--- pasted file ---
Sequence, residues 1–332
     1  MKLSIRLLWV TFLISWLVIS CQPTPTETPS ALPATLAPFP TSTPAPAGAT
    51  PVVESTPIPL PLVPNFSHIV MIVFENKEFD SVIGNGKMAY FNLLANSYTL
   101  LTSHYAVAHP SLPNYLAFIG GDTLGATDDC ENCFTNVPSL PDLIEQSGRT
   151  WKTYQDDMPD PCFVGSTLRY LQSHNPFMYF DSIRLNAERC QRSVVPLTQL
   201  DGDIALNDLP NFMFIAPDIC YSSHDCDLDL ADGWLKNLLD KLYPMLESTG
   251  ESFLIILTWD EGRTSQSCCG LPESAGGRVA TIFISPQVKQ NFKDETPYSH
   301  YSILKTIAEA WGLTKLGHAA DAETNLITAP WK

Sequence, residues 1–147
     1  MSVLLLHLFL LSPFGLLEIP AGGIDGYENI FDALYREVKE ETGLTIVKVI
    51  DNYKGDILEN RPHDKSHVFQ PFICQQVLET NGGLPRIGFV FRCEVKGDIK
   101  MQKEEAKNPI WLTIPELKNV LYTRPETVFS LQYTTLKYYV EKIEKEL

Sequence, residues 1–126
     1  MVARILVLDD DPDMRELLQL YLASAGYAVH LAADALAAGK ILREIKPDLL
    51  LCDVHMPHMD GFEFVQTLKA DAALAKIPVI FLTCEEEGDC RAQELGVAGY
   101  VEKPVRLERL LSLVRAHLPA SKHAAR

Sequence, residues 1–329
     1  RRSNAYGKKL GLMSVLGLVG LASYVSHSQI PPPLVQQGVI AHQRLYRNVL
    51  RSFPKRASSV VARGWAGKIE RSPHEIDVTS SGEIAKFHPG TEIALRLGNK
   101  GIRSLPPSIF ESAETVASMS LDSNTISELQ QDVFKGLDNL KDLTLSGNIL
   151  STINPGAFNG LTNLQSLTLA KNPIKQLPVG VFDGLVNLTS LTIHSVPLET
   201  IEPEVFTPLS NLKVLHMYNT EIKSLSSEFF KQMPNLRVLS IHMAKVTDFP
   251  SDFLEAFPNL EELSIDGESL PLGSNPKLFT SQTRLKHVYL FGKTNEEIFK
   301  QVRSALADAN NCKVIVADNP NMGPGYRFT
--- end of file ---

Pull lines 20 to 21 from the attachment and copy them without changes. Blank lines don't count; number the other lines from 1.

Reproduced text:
   101  GIRSLPPSIF ESAETVASMS LDSNTISELQ QDVFKGLDNL KDLTLSGNIL
   151  STINPGAFNG LTNLQSLTLA KNPIKQLPVG VFDGLVNLTS LTIHSVPLET